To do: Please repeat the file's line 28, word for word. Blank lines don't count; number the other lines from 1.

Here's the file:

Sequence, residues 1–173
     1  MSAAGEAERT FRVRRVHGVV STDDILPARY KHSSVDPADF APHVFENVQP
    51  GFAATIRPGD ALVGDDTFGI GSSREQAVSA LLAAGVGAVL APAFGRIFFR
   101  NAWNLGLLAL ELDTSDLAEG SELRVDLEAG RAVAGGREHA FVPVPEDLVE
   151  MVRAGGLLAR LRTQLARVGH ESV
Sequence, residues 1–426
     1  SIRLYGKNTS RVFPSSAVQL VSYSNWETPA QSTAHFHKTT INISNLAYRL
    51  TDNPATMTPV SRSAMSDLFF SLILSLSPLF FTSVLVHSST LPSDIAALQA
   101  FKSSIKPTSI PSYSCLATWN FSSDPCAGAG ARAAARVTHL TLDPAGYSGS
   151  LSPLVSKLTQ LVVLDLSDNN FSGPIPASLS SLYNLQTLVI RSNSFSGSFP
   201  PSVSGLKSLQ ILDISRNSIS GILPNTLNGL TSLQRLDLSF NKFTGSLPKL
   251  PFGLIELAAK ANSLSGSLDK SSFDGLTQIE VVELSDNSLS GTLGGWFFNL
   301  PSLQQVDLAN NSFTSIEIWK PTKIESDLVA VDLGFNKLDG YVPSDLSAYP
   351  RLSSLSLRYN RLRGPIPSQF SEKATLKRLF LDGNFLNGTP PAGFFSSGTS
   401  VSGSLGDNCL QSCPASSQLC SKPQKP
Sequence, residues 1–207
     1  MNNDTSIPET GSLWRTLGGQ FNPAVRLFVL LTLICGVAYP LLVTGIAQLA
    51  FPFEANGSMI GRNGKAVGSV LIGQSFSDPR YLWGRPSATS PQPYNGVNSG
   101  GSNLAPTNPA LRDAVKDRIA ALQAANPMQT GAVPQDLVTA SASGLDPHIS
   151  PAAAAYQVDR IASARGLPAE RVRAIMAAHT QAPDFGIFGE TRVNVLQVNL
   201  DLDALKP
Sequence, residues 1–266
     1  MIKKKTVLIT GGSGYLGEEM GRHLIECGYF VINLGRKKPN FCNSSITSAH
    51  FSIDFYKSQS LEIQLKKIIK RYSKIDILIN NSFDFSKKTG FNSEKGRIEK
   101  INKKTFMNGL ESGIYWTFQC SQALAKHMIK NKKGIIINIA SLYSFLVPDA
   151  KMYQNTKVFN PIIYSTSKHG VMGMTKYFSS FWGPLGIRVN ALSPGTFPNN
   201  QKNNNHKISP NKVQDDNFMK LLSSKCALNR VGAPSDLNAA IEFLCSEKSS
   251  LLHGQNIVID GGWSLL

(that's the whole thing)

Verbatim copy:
   251  LLHGQNIVID GGWSLL